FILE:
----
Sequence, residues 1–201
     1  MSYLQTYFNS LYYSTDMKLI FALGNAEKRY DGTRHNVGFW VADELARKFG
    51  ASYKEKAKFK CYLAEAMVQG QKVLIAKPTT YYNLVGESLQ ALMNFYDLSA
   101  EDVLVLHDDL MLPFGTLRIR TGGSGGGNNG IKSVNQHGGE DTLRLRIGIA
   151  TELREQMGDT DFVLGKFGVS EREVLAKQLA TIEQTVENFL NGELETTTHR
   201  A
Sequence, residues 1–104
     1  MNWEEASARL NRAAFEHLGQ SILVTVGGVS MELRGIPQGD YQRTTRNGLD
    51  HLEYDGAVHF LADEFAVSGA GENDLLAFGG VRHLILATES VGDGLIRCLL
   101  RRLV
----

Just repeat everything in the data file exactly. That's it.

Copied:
Sequence, residues 1–201
     1  MSYLQTYFNS LYYSTDMKLI FALGNAEKRY DGTRHNVGFW VADELARKFG
    51  ASYKEKAKFK CYLAEAMVQG QKVLIAKPTT YYNLVGESLQ ALMNFYDLSA
   101  EDVLVLHDDL MLPFGTLRIR TGGSGGGNNG IKSVNQHGGE DTLRLRIGIA
   151  TELREQMGDT DFVLGKFGVS EREVLAKQLA TIEQTVENFL NGELETTTHR
   201  A
Sequence, residues 1–104
     1  MNWEEASARL NRAAFEHLGQ SILVTVGGVS MELRGIPQGD YQRTTRNGLD
    51  HLEYDGAVHF LADEFAVSGA GENDLLAFGG VRHLILATES VGDGLIRCLL
   101  RRLV